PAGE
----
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Grab’s carpooling faces ban amid Vietnam clampdown

Photo credit: Grab.

Grab launched its GrabShare carpooling service in Vietnam just two months ago. It is already facing the prospect of a shutdown, with Vietnamese authorities claiming it contravenes local regulations.

According to the state-run Vietnam News Agency (VNA), the Hanoi People’s Committee – the executive branch of the city’s government – has ordered the suspension of carpooling activities involving licensed taxis, after receiving a request to do so from the country’s Ministry of Transport.

The directive affects GrabShare, which enables carpooling in both private vehicles and licensed cabs. The VNA report says that Grab is continuing its carpooling service despite being asked to suspend it.

Nguyen Thu An, Grab’s public relations manager for Vietnam, tells Tech in Asia the company is “actively working” with the Ministry of Transport to resolve any issues relating to GrabShare, and that it is “highly confident” that GrabShare will soon be officially approved by the Vietnamese government.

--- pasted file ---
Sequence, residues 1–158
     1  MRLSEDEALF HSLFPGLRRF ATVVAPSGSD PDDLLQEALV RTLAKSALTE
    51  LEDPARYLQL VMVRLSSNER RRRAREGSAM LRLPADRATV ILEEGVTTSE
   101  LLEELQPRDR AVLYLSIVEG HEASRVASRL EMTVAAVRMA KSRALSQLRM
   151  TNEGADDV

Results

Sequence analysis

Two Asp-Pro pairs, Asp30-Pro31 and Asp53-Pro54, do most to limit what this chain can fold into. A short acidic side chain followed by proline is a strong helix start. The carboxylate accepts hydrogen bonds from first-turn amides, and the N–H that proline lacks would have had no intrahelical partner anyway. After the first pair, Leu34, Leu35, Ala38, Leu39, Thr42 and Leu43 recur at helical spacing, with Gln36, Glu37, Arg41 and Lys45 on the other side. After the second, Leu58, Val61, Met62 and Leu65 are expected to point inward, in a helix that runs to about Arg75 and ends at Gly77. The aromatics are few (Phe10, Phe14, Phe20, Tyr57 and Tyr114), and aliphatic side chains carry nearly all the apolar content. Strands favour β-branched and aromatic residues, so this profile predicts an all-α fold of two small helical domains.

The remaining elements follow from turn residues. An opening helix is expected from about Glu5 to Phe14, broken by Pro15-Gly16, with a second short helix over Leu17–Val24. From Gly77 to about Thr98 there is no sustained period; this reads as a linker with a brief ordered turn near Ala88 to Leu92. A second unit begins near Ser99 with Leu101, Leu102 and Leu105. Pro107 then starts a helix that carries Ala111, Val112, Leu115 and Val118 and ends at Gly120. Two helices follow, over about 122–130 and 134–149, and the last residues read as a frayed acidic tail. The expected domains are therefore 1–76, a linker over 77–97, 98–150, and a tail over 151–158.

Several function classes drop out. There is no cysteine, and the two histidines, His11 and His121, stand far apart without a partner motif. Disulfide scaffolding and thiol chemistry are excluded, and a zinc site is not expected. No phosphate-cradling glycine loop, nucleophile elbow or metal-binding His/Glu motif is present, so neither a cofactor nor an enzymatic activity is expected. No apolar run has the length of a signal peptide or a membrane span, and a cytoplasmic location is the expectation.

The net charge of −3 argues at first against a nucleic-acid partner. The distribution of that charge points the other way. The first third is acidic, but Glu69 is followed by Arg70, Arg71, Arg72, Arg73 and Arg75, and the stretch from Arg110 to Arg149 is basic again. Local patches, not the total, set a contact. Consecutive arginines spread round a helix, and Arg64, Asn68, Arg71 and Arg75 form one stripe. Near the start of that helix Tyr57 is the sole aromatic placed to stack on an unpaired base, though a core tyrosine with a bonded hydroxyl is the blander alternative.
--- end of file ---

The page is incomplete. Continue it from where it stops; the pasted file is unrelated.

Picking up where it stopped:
UberPool – Uber’s carpooling feature – is also mentioned as being potentially affected in the VNA report, though it is yet to be launched in Vietnam. Uber told us it therefore would not comment on the proposed ban.

GrabShare was initially launched in Singapore in December 2016. It has since expanded to Jakarta, Kuala Lumpur, and Manila, and began its first Vietnamese service in Ho Chi Minh City in May this year. It launched in Hanoi the following month.

UberPOOL is currently operating in a number of Asian cities, including Bangalore, Manila, and Singapore.

This post Grab’s carpooling faces ban amid Vietnam clampdown appeared first on Tech in Asia.

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